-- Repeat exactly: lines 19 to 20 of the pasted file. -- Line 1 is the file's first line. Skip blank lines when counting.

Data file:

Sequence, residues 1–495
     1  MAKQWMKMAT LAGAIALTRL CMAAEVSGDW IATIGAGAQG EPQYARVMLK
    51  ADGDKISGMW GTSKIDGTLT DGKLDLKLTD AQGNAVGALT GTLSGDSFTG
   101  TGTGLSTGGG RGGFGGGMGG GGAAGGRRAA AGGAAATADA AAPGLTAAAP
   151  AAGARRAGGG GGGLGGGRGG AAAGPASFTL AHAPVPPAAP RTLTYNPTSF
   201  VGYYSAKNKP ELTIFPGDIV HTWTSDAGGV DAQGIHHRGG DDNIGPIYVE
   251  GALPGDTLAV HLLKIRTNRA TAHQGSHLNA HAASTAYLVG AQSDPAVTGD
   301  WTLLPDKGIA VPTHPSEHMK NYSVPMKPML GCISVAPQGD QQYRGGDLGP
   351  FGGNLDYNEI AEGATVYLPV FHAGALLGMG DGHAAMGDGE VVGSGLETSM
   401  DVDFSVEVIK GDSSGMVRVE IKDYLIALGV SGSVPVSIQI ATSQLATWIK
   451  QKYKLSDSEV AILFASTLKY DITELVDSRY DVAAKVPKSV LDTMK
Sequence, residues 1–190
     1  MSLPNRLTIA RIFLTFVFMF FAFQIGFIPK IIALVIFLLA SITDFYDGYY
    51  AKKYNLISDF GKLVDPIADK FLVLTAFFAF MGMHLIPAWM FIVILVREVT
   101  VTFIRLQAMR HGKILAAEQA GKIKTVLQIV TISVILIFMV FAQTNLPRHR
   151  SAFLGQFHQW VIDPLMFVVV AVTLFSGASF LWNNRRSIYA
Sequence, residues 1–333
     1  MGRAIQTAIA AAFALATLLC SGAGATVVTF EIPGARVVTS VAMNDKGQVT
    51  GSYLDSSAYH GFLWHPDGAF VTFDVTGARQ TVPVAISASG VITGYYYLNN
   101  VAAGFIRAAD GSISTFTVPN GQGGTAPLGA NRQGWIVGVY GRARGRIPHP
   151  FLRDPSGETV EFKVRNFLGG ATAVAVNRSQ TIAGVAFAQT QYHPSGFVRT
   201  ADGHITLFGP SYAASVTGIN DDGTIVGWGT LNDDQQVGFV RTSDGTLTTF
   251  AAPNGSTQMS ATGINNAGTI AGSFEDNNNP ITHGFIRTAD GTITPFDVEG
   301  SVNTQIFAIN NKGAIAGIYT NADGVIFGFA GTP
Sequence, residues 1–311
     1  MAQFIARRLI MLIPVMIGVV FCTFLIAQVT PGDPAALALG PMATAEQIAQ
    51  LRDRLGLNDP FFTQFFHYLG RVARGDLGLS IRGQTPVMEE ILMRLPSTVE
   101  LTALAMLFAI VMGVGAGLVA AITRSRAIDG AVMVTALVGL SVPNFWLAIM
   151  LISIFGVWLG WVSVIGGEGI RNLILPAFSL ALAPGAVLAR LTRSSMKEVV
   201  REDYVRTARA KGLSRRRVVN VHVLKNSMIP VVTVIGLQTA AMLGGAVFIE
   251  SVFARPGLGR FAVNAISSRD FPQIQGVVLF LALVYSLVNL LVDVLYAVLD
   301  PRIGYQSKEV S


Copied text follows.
    51  GSYLDSSAYH GFLWHPDGAF VTFDVTGARQ TVPVAISASG VITGYYYLNN
   101  VAAGFIRAAD GSISTFTVPN GQGGTAPLGA NRQGWIVGVY GRARGRIPHP